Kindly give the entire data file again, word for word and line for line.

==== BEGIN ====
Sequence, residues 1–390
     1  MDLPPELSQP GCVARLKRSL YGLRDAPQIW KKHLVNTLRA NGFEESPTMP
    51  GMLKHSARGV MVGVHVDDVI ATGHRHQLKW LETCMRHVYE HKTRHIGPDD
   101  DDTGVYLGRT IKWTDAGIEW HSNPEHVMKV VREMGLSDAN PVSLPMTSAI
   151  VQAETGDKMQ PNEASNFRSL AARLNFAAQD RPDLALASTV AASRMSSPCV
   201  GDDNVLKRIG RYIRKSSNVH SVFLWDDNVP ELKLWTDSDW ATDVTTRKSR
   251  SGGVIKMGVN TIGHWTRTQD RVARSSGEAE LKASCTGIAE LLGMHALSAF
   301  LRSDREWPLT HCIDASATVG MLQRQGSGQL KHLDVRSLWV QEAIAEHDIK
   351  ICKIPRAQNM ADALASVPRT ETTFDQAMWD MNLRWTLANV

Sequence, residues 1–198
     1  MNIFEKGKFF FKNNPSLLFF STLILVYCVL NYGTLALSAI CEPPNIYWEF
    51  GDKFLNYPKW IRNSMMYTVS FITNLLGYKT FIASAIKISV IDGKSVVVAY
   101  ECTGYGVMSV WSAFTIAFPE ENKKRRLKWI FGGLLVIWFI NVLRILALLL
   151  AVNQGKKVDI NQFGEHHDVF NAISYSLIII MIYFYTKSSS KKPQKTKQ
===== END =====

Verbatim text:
Sequence, residues 1–390
     1  MDLPPELSQP GCVARLKRSL YGLRDAPQIW KKHLVNTLRA NGFEESPTMP
    51  GMLKHSARGV MVGVHVDDVI ATGHRHQLKW LETCMRHVYE HKTRHIGPDD
   101  DDTGVYLGRT IKWTDAGIEW HSNPEHVMKV VREMGLSDAN PVSLPMTSAI
   151  VQAETGDKMQ PNEASNFRSL AARLNFAAQD RPDLALASTV AASRMSSPCV
   201  GDDNVLKRIG RYIRKSSNVH SVFLWDDNVP ELKLWTDSDW ATDVTTRKSR
   251  SGGVIKMGVN TIGHWTRTQD RVARSSGEAE LKASCTGIAE LLGMHALSAF
   301  LRSDREWPLT HCIDASATVG MLQRQGSGQL KHLDVRSLWV QEAIAEHDIK
   351  ICKIPRAQNM ADALASVPRT ETTFDQAMWD MNLRWTLANV

Sequence, residues 1–198
     1  MNIFEKGKFF FKNNPSLLFF STLILVYCVL NYGTLALSAI CEPPNIYWEF
    51  GDKFLNYPKW IRNSMMYTVS FITNLLGYKT FIASAIKISV IDGKSVVVAY
   101  ECTGYGVMSV WSAFTIAFPE ENKKRRLKWI FGGLLVIWFI NVLRILALLL
   151  AVNQGKKVDI NQFGEHHDVF NAISYSLIII MIYFYTKSSS KKPQKTKQ